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Ultrasounds can stop the production of sperm


Researchers investigating a new form of contraception found that a dose of ultrasound to the testicles can stop the production of sperm.

A study on rats published in Reproductive Biology and Endocrinology showed that sound waves could be used to reduce sperm counts to levels that would cause infertility in humans.

Researchers described ultrasound as a “promising candidate” in contraception.

However, far more tests are required before it could be used.

The concept was first proposed in the 1970’s, but is now being pursued by researchers at the University of North Carolina who won a grant from the Bill & Melinda Gates Foundation.


The researchers found that two 15-minute doses “significantly reduced” the number of sperm-producing cells and sperm levels.

It was most effective when delivered two days apart and through warm salt water.

The researchers found that two 15-minute of ultrasound doses "significantly reduced" the number of sperm-producing cells and sperm levels

The researchers found that two 15-minute of ultrasound doses "significantly reduced" the number of sperm-producing cells and sperm levels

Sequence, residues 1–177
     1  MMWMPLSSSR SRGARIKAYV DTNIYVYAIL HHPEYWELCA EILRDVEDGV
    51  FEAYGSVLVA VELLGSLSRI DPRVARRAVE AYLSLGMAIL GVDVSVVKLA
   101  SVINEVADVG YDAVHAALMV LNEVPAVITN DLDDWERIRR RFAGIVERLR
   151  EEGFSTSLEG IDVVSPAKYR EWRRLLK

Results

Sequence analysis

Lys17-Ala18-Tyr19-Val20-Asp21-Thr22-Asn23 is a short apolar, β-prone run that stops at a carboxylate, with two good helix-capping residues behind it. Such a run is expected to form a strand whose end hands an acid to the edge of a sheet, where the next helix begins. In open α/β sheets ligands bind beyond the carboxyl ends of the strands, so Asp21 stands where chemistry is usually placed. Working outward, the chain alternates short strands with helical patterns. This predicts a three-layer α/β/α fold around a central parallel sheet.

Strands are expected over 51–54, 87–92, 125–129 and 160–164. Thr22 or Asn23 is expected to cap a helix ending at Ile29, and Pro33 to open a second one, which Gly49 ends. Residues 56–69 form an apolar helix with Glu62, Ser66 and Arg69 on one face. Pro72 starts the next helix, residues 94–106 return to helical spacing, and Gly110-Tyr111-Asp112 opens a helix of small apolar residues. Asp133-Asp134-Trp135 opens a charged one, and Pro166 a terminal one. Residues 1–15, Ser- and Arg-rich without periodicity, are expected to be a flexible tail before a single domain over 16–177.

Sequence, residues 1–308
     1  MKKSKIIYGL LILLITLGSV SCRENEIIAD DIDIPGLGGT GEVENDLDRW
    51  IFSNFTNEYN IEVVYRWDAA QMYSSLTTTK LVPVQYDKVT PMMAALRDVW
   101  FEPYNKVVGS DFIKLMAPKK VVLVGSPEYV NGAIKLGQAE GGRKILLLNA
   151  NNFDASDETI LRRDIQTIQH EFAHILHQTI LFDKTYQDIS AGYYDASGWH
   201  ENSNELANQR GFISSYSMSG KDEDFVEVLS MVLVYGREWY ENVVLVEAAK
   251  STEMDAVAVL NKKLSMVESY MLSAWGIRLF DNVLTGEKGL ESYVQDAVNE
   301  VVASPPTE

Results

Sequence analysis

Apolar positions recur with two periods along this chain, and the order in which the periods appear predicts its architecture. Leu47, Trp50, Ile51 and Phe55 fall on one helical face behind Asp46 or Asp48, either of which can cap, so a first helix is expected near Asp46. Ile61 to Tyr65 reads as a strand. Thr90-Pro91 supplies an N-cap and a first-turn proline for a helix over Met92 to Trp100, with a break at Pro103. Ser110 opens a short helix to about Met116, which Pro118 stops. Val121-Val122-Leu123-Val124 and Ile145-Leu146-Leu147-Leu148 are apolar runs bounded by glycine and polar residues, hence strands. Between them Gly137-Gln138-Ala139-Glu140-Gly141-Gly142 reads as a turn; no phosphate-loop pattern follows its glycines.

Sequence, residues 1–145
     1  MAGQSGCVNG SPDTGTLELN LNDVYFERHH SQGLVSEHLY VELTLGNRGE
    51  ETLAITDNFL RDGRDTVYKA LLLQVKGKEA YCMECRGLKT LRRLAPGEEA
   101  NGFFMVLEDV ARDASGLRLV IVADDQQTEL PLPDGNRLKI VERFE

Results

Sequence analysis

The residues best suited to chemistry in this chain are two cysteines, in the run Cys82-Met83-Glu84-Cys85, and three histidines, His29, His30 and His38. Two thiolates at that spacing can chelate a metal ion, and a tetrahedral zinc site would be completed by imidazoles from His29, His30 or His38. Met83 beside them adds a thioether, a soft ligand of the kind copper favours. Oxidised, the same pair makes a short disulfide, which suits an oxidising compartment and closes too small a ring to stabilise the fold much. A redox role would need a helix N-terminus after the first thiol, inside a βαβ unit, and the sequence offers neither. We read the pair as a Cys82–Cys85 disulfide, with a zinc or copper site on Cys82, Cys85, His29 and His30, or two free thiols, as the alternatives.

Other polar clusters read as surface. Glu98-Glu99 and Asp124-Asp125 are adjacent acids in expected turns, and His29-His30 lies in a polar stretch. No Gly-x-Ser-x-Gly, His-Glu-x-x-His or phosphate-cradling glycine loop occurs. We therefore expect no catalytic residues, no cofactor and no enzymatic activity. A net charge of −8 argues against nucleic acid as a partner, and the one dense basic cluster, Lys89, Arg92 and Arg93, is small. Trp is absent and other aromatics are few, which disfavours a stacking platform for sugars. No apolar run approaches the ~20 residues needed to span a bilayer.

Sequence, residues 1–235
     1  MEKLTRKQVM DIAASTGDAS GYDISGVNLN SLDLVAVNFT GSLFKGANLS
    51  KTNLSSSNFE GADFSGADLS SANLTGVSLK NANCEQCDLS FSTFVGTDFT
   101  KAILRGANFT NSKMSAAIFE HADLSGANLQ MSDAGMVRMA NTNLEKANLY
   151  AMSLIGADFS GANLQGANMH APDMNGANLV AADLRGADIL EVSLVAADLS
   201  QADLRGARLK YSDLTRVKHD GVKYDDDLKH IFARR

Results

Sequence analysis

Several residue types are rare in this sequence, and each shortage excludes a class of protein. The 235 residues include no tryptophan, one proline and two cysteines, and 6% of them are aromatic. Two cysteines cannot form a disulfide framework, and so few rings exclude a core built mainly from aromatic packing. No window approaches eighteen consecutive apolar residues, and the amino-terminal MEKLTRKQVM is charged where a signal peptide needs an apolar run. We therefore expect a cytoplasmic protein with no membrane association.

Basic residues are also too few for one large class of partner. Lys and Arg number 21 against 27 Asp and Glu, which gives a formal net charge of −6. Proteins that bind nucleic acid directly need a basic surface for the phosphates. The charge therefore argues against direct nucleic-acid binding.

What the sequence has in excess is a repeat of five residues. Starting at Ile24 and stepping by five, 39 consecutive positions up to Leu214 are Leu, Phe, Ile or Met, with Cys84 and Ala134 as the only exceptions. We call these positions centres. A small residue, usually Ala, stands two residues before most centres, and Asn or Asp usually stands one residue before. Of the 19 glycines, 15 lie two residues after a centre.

In humans, the researchers said men were considered to be “sub-fertile” when sperm counts dropped below 15 million sperm per milliliter.

The sperm count in rats dropped to below 10 million sperm per milliliter.

Lead researcher Dr. James Tsuruta said: “Further studies are required to determine how long the contraceptive effect lasts and if it is safe to use multiple times.”

The research team needs to ensure that the ultrasound produces a reversible effect, contraception not sterilization. As well as investigate whether there would be cumulative damage from repeated doses.

Dr. Allan Pacey, senior lecturer in andrology at the University of Sheffield, said: “It’s a nice idea, but a lot more work is needed.”

He said that it was likely that there would be recovery of sperm production, but the “sperm might be damaged and any baby might be damaged” when sperm production resumed.

“The last thing we want is a lingering damage to sperm,” Dr. Allan Pacey said.